In addition to expenses associated with operating the real property including contractor and employee expenses, real estate taxes, utilities, repair costs, and travel related to running and managing the property, real estate investors can also deduct depreciation of the property and of many of the fixtures inside the property.  There are certain IRS conventions which are used to depreciate property, including the accelerated cost recovery system (“ACRS”) as well as the modified cost recovery system (“MACRS”).  Under these systems the depreciation is calculated based upon the current basis in the property as well as the number of years remaining in the cost recovery period.  A unique feature of deducting depreciation expenses is that the cash flow of the property is not affected.  In certain situations an investor can operate a property which has positive cash flow but which shows a loss on the income statement, resulting in a tax advantage.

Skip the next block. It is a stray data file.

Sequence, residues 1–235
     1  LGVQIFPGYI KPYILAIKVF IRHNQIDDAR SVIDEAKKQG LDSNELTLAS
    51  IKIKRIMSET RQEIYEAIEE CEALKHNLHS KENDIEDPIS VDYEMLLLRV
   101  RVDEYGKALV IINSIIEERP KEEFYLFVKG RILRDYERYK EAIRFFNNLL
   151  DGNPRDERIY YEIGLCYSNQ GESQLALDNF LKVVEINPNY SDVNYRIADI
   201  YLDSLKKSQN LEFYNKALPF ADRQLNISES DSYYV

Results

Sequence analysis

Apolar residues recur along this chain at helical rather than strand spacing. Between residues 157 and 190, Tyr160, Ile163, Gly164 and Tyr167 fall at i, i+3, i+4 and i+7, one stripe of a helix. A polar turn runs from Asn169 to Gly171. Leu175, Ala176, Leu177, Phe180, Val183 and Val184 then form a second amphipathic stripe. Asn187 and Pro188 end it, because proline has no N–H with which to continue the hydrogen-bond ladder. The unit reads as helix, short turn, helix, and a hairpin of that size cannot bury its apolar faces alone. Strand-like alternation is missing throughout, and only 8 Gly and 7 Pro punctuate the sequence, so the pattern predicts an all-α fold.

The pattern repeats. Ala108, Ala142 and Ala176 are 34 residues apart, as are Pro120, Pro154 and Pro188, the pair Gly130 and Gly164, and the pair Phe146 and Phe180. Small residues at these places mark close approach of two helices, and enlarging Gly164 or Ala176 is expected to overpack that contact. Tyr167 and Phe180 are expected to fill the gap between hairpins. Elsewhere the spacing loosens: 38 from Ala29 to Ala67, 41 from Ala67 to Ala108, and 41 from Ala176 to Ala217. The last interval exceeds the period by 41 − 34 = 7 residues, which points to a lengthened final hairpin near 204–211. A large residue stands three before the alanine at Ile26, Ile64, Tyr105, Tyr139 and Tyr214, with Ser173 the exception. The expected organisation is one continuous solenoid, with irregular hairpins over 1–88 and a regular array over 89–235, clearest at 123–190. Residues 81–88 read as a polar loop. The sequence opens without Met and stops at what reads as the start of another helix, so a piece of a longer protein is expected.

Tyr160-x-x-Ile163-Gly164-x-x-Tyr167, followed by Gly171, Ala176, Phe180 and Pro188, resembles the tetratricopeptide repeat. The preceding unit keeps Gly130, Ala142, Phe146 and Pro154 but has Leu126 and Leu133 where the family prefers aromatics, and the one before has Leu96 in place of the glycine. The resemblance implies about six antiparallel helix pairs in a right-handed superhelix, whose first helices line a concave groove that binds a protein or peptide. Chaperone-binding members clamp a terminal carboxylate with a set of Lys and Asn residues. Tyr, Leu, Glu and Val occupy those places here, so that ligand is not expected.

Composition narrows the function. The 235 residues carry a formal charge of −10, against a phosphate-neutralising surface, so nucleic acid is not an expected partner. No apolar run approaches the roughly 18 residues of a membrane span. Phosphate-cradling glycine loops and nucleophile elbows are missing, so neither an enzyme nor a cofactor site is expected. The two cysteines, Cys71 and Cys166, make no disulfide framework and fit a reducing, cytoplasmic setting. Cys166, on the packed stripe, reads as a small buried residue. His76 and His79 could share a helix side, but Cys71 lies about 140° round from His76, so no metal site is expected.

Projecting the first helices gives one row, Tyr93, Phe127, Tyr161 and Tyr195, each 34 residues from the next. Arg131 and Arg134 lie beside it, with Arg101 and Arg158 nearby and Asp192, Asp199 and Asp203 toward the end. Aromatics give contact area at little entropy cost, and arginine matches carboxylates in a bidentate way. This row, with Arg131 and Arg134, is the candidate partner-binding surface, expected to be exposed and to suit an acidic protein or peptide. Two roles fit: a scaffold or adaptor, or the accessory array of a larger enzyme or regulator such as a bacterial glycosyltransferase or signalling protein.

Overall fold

The Intelligent Investor by Benjamin Graham

There are several excellent books in print which were written by extremely successful money managers, and “The Intelligent Investor” by Benjamin Graham is one of them (“The Alchemy of Finance” by George Soros is another one).  Graham was Warren Buffett’s teacher and mentor and ran the Graham Newman investment partnership in the first part of the 20th century.  This book outlines Graham’s philosophy of value investing.  The book is relatively easy to understand for a lay person, and outlines in detail the underlying principals behind Graham’s investment philosophy and how it can be applied to analyzing and valuing individual securities.